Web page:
Beneficial Molds

Generally the word “mold” brings to mind loaves of bread ruined by greenish-blue fuzz, nasty unidentifiable leftovers at the back of the refrigerator, and televised images of homes filled with black mold deemed “toxic” to the inhabitants.  There are thousands of types of mold and these microscopic fungi are everywhere in the environment, including in the air that we breathe.  Mold’s main function is to aid in the decomposition of the materials upon which it feeds, and when that is happening outside, it is certainly beneficial.  But when mold sets up shop within our homes and other buildings, it can wreak havoc with costly damage when there is large-scale mold growth.

In addition to being beneficial when it is outside speeding along the decomposition of decaying organic materials, mold has other benefits specific to people, including being the building blocks for the creation of antibiotics such as penicillin, as an ingredient in cheese making, and in the manufacture of soy sauce and other fermented food products.

Mold, specifically Penicillium notatum, was discovered in 1928 to be an antimicrobial agent and possible pharmaceutical by Alexander Fleming. Penicillin did not go into mass production until the mid 1940’s, but it has saved countless lives since.

Blue cheese such as Roquefort is made with molds such as Penicillium roqueforti and Penicillium glaucum.  These cheeses may be made with cow’s milk, sheep’s milk, or goats, milk, but what they have in common is the use of mold to create their distinctive blue veining.  Roquefort, Gorgonzola, and Stilton are generally regarded as among the best of the blue cheeses, particularly when they are made in their original locales.  The discovery of blue cheese was the result of the cheese being produced in European caves that contained the molds that give blue cheeses their distinctive look and strong flavor. Traditional Roquefort cheese is still made in the same caves in Roquefort, France.  Today, blue cheese can be manufactured anywhere as the necessary molds are available for purchase.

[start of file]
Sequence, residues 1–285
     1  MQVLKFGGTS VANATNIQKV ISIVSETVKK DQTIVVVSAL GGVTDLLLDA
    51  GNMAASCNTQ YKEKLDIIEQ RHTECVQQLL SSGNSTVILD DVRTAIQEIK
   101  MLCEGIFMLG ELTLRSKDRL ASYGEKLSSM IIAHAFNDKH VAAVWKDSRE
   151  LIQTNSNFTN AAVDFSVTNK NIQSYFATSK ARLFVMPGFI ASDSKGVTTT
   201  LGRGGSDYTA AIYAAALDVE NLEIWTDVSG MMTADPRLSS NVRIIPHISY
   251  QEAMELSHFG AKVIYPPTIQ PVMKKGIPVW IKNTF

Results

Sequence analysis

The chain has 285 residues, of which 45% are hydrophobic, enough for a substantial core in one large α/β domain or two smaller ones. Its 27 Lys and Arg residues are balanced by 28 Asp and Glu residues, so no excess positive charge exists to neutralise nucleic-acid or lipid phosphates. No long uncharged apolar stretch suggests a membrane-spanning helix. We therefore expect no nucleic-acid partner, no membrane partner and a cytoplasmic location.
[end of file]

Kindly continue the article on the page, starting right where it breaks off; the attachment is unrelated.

Asian cultures have long used mold, particularly Aspergillus oryzae to create “koji mold,” which is used in fermenting soy sauce.  Aspergillus oryzae is also used to ferment sake, a rice wine.

Manufacturers of plastics often use the mold Aspergillus terreus in the manufacturing plastics, and Rhizopus, another mold is used to produce cortisone.  The mold known as Neurospora is used in conjunction with genetic experimentation.

The controlled uses of mold as detailed above are certainly illustrative of the benefits that can be derived from the mold that is around us.  Unfortunately, it can be much less of a thing to enjoy when it enters our homes uninvited.  Mold growth within a home is usually indicative of a problem involving moisture and decay and should be addressed as soon as it is discovered.  When mold is found in a widespread or hard-to-reach area of a home, it is best to call a professional mold mitigation contractor to tackle and resolve the mold growth.

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